Radon is a naturally occurring gas which is found all over the United States and around the world in varying concentrations. It can enter homes through small cracks or gaps in the basement foundation and tends to have the higher concentrations in the lower levels of a home.
The EPA has declared Radon to be a "Class A Carcinogen," which means that it has been shown to cause cancer in humans. Radioactive solid particles are created as the Radon gas decays. These particles can get trapped in your lungs when you breathe. As the particles break down further, they release small bursts of energy that can damage lung tissue and lead to lung cancer. Although not everyone exposed to elevated levels of Radon will develop lung cancer, the dangers are significant, and the amount of time between exposure and the onset of disease may be many years making detecting the cause all that much more difficult.
A radon test is the only way to know if a house has radon. Certain areas have a higher likelihood based on the geology and soil characteristics but to know if your home has radon, a test should be done. We no longer provide radon testing as a service. If you wish to have a test done professionally, a home inspector should be able to help without a perceived conflict of interest.
If you just want to do a test on your own, professional quality tests can be purchased from the Radon Testing Corporation of America at www.RTCA.com. These are done by the homeowner then mailed back to the company. Test kits include instructions on placement and how to operate.
The type of radon mitigation we install is called “sub-slab depressurization” which consists of drilling one or more 5 inch diameter holes in the basement floor and running pvc pipe from the holes to the outside of the house in a single location. Once outside, a fan is connected to the pipe that draws the gas out from under the basement floor and vents it outside. Discharge needs to be a safe distance away from windows and doors and a certain distance off the ground so that it is not a hazard to anyone outside. Radon systems lower radon levels but even the most effective systems don’t eliminate radon completely. All air, even outside air, has radon.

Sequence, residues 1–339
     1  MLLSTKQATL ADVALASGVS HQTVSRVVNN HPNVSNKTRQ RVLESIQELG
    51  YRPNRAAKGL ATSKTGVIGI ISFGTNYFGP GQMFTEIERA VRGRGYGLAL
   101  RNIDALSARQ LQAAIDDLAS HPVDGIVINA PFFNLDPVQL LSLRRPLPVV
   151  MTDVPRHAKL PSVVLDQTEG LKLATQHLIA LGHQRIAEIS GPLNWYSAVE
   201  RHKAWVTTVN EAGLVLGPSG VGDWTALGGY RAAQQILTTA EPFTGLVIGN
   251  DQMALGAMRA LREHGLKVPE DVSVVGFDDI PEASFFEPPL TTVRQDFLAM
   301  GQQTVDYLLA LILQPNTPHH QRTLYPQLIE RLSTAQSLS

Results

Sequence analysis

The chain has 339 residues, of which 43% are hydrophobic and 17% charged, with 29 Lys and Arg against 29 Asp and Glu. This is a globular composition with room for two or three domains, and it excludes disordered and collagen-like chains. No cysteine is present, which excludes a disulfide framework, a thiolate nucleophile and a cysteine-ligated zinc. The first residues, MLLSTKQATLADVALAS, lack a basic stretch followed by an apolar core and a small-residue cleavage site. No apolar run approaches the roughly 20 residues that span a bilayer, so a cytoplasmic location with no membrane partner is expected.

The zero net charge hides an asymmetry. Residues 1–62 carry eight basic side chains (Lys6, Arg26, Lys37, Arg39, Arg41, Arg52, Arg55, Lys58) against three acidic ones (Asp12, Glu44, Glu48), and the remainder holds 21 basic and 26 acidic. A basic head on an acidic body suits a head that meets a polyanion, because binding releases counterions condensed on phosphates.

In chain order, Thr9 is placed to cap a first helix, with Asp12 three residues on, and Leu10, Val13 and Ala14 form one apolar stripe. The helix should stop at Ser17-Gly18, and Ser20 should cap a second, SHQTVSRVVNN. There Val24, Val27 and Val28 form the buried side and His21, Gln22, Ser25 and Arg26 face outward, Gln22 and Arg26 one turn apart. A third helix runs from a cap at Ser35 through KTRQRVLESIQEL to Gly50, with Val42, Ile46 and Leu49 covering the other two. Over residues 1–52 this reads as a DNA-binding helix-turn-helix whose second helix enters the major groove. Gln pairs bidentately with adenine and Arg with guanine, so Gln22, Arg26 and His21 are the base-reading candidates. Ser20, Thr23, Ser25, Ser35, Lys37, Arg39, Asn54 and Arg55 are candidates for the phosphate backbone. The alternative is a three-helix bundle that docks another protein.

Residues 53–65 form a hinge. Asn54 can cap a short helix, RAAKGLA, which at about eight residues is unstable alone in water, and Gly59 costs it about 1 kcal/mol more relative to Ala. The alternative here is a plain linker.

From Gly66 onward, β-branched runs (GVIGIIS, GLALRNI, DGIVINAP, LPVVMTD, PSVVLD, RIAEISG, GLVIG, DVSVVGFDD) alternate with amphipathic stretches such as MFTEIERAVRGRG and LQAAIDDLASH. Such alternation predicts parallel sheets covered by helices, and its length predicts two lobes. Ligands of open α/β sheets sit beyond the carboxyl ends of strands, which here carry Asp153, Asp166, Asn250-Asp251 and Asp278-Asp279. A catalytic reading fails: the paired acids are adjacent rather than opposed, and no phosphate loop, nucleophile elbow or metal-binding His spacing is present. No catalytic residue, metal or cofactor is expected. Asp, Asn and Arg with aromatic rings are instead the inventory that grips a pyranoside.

Radon levels can vary from day to day and month to month. Although the fluctuations shouldn’t be too dramatic, it is very possible to be just below the threshold of 4.0 pCi/l when buying a house and just above it when selling. On a yearly basis, levels tend to be highest during the winter months. Heavy rains and storms can also raise levels for short periods of time.
Dan is highly knowledgeable and designed a system that met all of our criteria, including aesthetics and quietness of operation.
My experience was extremely positive.... performed the job professionally and expeditiously.